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Bernie Sanders' and Elizabeth Warren's Wealth Taxes, Compared

For Warren, a wealth tax is primarily a path to revenue, while Sanders emphasizes reducing the economic power of billionaires as a class

Democratic presidential candidates Senator Bernie Sanders and Senator Elizabeth Warren share a moment at the July 30 Democratic Presidential Debate in Detroit, Michigan,JUSTIN SULLIVAN/GETTY IMAGES

On Tuesday, Senator Bernie Sanders proposed his own wealth tax on millionaires and billionaires, and its objectives highlight the sometimes hard-to-see contrast between Sanders' and Senator Elizabeth Warren's approaches to redressing wealth inequality.

Sanders' new wealth tax would target a larger number of upper class households than Warren's existing plan, and at higher rates. His proposal would impose a 1% tax on net worths over $32 million (and single filers with net worths more than $16 million), affecting 180,000 households. The plan has several brackets, with a 2% tax over $50 million, 3% over $250 million, 4% over $500 million, 5% over $1 billion, all the way up to 8% on net worths over $10 billion.

Warren has billed her approach as a "two-cent tax" on every dollar of net worth above $50 million (plus a three percent tax on every dollar of net worth above $1 billion), which University of California-Berkeley economists estimate will raise $2.6 trillion in revenue over a decade, from approximately 75,000 wealthy households.

Citing the same Berkeley economists as the Warren campaign, Emmanuel Saez and Gabriel Zucman, Sanders' wealth tax would raise far more than Warren's: $4.35 trillion over 10 years.

While both proposals target sprawling wealth inequality, Warren's tax is pitched as a minimum effective dose for generating revenue to be spent on rebuilding the middle class, while the Sanders proposal aims to rein in the billionaire class by cutting in half the wealth held by the typical billionaire over 15 years.

"I don't think that billionaires should exist," Sanders told the New York Times. "I hope the day comes when they don't."

Saez and Zucman tested the taxes retrospectively, analyzing how the richest people in the United States would be affected. In the case of Amazon founder Jeff Bezos, if Warren's wealth tax had been in effect since 1982, Bezos would now be worth $87 billion instead of $160 billion. If Sanders' tax had existed, Bezos would be worth $43 billion. Zucman posted the comparative data for other billionaires on Twitter.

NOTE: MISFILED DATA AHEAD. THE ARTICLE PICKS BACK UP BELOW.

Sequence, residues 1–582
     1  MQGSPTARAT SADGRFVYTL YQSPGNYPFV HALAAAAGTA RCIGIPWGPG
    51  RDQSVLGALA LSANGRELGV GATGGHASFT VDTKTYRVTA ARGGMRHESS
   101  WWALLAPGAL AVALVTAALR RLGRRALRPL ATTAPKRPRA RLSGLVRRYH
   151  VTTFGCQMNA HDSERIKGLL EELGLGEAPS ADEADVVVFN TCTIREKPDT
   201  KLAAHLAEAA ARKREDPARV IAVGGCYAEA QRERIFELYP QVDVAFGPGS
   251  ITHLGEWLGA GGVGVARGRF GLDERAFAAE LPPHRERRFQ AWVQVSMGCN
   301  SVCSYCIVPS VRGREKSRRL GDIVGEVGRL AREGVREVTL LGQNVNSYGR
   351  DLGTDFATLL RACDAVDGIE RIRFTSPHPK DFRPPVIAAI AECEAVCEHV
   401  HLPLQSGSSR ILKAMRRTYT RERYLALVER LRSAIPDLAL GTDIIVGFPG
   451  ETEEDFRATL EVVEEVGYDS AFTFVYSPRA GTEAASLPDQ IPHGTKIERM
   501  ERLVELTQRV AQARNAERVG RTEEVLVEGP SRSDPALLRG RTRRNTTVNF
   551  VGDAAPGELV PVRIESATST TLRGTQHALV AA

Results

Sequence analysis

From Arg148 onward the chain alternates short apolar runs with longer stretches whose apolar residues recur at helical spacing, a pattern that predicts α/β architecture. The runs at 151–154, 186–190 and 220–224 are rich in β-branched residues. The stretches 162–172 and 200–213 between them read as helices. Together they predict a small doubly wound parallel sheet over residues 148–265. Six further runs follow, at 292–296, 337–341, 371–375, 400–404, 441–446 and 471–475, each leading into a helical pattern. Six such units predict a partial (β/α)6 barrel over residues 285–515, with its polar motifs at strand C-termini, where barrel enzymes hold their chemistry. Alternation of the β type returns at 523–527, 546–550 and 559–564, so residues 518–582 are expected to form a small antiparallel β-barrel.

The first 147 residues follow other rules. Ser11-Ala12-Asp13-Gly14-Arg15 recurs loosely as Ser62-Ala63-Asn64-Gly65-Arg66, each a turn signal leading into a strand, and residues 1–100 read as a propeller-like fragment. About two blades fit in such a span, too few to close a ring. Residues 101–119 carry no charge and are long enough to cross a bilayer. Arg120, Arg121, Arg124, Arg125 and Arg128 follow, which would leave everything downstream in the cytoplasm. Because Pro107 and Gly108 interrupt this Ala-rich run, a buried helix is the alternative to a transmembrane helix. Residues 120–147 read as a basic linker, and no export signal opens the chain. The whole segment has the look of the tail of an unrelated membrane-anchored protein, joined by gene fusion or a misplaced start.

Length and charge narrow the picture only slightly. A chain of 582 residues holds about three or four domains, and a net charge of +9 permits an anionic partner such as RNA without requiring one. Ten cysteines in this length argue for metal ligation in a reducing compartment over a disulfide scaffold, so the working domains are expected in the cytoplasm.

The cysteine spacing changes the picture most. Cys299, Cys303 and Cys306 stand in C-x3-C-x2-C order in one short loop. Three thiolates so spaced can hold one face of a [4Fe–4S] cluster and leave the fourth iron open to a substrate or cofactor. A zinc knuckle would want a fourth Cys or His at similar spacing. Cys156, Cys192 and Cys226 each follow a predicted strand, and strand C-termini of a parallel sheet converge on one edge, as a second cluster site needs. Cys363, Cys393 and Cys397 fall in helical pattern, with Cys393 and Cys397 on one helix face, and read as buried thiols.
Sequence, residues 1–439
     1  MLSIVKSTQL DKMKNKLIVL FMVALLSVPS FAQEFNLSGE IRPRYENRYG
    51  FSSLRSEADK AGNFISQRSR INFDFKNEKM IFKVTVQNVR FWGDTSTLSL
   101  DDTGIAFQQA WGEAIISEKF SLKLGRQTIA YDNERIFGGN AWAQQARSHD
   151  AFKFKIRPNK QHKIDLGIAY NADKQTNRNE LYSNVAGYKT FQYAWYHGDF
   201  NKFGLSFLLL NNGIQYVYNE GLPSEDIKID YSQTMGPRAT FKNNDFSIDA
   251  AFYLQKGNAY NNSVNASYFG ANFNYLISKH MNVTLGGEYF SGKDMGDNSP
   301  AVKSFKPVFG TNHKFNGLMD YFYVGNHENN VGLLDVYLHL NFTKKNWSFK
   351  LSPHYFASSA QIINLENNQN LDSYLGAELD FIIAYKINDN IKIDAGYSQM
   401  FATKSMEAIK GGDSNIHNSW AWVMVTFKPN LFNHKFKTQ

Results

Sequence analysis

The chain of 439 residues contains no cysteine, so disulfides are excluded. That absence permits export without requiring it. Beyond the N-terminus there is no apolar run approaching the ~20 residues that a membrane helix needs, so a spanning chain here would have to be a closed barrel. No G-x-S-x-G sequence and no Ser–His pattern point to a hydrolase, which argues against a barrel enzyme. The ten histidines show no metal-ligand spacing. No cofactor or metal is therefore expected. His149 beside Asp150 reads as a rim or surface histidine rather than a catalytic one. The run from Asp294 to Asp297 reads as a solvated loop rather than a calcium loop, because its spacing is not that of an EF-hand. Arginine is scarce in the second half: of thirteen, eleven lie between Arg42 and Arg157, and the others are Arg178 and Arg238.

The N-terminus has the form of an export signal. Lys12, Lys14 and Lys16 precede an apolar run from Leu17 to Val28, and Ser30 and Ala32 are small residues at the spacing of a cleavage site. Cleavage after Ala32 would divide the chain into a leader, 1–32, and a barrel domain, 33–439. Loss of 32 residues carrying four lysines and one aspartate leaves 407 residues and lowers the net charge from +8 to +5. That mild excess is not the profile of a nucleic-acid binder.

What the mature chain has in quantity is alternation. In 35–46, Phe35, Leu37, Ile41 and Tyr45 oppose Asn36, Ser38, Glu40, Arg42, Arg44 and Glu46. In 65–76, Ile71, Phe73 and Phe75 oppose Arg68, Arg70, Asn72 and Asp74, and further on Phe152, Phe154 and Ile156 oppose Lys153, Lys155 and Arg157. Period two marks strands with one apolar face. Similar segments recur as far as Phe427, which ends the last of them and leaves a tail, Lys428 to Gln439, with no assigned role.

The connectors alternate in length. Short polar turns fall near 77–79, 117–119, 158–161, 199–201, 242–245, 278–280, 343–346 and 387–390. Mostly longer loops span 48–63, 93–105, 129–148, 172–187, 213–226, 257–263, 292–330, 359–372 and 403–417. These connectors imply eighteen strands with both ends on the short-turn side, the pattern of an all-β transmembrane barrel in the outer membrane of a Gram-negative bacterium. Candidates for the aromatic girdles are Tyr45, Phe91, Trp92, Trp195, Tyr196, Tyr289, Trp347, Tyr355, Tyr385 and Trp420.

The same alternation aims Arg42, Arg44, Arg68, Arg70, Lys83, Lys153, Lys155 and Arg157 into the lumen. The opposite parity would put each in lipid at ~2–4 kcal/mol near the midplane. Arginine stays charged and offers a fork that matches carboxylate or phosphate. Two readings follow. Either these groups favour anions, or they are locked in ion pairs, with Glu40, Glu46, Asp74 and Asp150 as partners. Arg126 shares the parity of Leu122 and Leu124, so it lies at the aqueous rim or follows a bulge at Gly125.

• Bill Gates, worth $97 billion, would have $36 billion under Warren's plan, less than $10 billion under Sanders'.
  • Facebook founder Mark Zuckerberg, worth $61 billion, would instead have $44 billion under Warren's plan, $29 billion under Sanders'.
  • Charles Koch, and his late brother David, would each have had their $53.5 billion reduced to $19 billion under Warren's plan and $8 billion under Sanders'.
  • The three richest Walton Walmart heirs would go from $45 billion to $15 billion under Warren's wealth tax and $5 billion under Sanders'.

Rather than reining in billionaires, Warren has placed her emphasis on how a small, targeted tax can produce substantial benefits.

"Universal pre-k for every three year old and four year old in this country — two cents! Raise the wages of every child-care worker and preschool teacher in this country — two cents! We can do all of that, and we can make technical school, community college, and four-year college free for everyone who wants an education — two cents!" Warren said in a September speech in New Hampshire.Like Warren, Sanders would use the resulting revenue windfall on progressive priorities, including his recently announced housing plan, which proposes to establish national rent control, build 7.4 million affordable housing units and end homelessness. Other Sanders policies, including a soon-to-be-announced plan for universal child care and his signature issue, "Medicare for All," would also use money generated by the proposed tax on wealth.

Sanders has previously pitched wealth taxes, including in the run-up to his 2016 Democratic primary campaign, but prior proposals have typically centered around expanding the estate tax on inheritance. Still, a direct tax on net worth isn't without precedent—both proposed wealth taxes have been compared to the property tax that acts much the same way for middle-income households.

While both Sanders and Warren would use the resulting tax revenue to fund their progressive priorities, the Sanders wealth tax is also designed to cut back the wealth growth of billionaires to the same rate as the average American household.

For Warren, a wealth tax is primarily a path to revenue, while Sanders emphasizes reducing the economic power of billionaires as a class.